If you are using floating point for engineering or statistics, the "approximately equal" is a well understood problem.

I built some more generalized code from a posting by @Ernest F-H that is part of my open source library. Your code's use of " .000001" as a delta
is fine for money values, but is not valid in general.
Mike Simmons
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The Ranch is acting up on me at the moment, blocking every attempted post. I will try breaking it up into smaller parts, as that seemed to work well in the past.
Mike Simmons
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Pat Farrell wrote:If you expected it, you are smart and insightful.


Thanks. But you expected it too; that's why you wrote the code the way you did.

Put another way, I stand by my statement that double gives a lot more than 3-6 digits of accuracy. Unfortunately using == requires exact accuracy, which double cannot guarantee in general.
Mike Simmons
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Pat Farrell wrote:Most programmers do not expect it.

This is probably quite true, unfortunately. I think most people who learned computing from a math/hard science/engineering background (like yourself, I gather) can grok it. It's standard stuff in a numerical methods course. But this sort of thing is probably not standard for many newer programmers, these days.

Pat Farrell wrote:If you are using floating point for engineering or statistics, the "approximately equal" is a well understood problem.

I would say it applies if you're using Java floating point primitives at all. That's why JUnit's assertEquals(double, double, String) is deprecated, after all, regardless of whether the user is doing engineering or statistics. They chose to use an absolute epsilon rather than a relative one, but either way, some sort of error tolerance is necessary.

Pat Farrell wrote:More importantly, no bosses expect it, and no auditors will accept it.

Well, I don't know about what sort of auditors you get. But in my experience, they look carefully at the final results, not the code that generates it. So it's very important to ensure that 1.9999999999 gets displayed as 2.00, for example. And is stored that way in the database. But whether it was represented before that as 1.9999999999, 2, or 2.0000000001 - mnh, usually that's not so important. To me, those really are the same thing (within the limits of the system), and it's the coder's responsibility to ensure they all get represented as 2.00 in the end result.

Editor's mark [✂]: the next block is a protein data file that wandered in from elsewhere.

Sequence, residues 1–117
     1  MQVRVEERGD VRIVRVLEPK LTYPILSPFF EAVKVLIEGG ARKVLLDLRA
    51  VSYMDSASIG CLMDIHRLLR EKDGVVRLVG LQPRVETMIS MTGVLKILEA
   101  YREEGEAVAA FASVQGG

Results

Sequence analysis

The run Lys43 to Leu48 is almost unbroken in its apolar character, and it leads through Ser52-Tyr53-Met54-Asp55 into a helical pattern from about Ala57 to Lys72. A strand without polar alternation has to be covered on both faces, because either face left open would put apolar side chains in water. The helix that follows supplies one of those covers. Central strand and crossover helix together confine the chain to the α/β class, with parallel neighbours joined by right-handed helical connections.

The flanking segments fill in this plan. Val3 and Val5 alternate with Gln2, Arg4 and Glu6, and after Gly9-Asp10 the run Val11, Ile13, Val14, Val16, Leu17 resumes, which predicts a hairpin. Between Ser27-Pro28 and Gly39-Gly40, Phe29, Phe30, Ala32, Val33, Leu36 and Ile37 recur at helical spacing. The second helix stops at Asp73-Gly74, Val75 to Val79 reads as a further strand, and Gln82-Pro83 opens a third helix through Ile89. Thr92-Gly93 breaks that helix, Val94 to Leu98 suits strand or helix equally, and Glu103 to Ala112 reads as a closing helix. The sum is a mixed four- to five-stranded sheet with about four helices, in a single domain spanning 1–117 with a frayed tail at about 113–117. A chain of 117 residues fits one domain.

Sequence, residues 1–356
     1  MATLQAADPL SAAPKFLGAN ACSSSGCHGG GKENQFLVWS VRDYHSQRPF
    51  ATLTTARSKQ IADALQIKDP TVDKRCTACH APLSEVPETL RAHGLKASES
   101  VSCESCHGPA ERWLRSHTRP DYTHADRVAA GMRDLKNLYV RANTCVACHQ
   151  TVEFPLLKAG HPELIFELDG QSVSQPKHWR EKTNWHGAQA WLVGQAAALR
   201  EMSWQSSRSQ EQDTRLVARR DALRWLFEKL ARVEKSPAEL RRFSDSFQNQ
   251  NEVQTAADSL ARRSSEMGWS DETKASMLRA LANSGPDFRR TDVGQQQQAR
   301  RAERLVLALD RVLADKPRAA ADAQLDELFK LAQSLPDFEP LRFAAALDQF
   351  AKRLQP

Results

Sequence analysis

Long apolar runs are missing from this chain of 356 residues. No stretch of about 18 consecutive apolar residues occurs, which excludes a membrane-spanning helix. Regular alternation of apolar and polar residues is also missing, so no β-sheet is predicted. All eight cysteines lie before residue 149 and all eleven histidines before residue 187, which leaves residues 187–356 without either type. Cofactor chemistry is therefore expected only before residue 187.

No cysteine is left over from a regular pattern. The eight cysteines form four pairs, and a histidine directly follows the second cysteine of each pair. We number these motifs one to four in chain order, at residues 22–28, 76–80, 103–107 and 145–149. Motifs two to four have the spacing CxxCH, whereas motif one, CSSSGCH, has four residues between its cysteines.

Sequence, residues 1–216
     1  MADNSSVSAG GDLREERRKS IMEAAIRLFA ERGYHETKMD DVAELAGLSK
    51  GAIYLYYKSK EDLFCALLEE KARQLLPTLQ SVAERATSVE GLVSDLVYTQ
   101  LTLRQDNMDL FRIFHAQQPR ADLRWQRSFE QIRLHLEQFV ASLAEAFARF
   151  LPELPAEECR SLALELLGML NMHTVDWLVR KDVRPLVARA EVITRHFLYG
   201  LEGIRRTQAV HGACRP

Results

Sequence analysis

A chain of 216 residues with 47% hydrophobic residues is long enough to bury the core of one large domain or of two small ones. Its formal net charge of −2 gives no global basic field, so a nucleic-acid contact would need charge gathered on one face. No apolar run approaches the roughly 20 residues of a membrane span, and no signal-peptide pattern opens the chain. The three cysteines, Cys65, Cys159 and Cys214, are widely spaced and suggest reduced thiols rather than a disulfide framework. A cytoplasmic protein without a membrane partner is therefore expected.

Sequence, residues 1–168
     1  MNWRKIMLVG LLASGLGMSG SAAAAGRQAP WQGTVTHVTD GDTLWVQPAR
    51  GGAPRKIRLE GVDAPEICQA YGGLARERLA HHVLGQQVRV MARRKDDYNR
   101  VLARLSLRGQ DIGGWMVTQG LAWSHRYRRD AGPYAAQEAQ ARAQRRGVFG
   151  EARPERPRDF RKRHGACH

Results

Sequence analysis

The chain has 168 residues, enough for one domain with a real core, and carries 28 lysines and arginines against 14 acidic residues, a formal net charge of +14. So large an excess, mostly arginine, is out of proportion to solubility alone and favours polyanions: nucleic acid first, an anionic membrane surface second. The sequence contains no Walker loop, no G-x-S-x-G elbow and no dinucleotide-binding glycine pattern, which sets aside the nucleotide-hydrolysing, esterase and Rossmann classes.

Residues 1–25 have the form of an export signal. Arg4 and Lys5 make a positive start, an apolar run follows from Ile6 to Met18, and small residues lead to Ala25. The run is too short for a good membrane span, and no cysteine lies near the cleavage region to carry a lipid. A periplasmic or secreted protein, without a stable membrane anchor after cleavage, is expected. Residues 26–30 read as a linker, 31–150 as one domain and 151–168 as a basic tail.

Mike Simmons
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Pat Farrell wrote:Your code's use of " .000001" as a delta is fine for money values, but is not valid in general.

Well remember you used floats, which limited the precision possible. Using doubles it would have been more like .000000000000001. But in general, yes, there's always some limit to the accuracy of floating-point primitives, and for some applications (managing the US budget down to the penny, for example) that limit may be unacceptable.

So, why should anyone ever use floating points for money, in light of these limits? I can think of three possible reasons: (1) they can be substantially faster, (2) they use less memory, and (3) they're more readable. Of course on most modern systems, 1 and 2 are often irrelevant (the bottleneck is elsewhere), and 3 may be somewhat counterbalanced by the gotchas we've been discussing. Still, it's at least possible that some projects may deal with so much data, or have such serious performance restrictions, that it's worth using primitives rather than BigInteger or BigDecimal.

Anyway, good discussion. Cheers!
Mike Simmons
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That did it, finally. This has been a recurring problem for me in the past - big posts can't get through, but small ones do. Just lately it's resurfaced. So far I seem to be the only user who experiences this behavior, where the chance of failure is directly, demonstrably tied to the length of the post. But if anyone else notices similar problems, please let me know.
Marilyn de Queiroz
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Ernest Friedman-Hill wrote:Well, I have to admit I've never worked on financial software. But BigDecimal, maybe?

1.1 + 2.2 != 3.3 in my tests ... even with BigDecimal.


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Ulf Dittmer
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Marilyn de Queiroz wrote:1.1 + 2.2 != 3.3 in my tests ... even with BigDecimal.

How are you constructing the BigDecimal objects?

will yield something inexact due to the doubles, while

will yield exactly 3.3.


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Marilyn de Queiroz
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Interesting. Thanks, Ulf.
Pat Farrell
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Yes, @ulf's example shows how trivially float/double can fail you. The constructors taking a value that is autoboxed to float, and gives the "wrong" answer.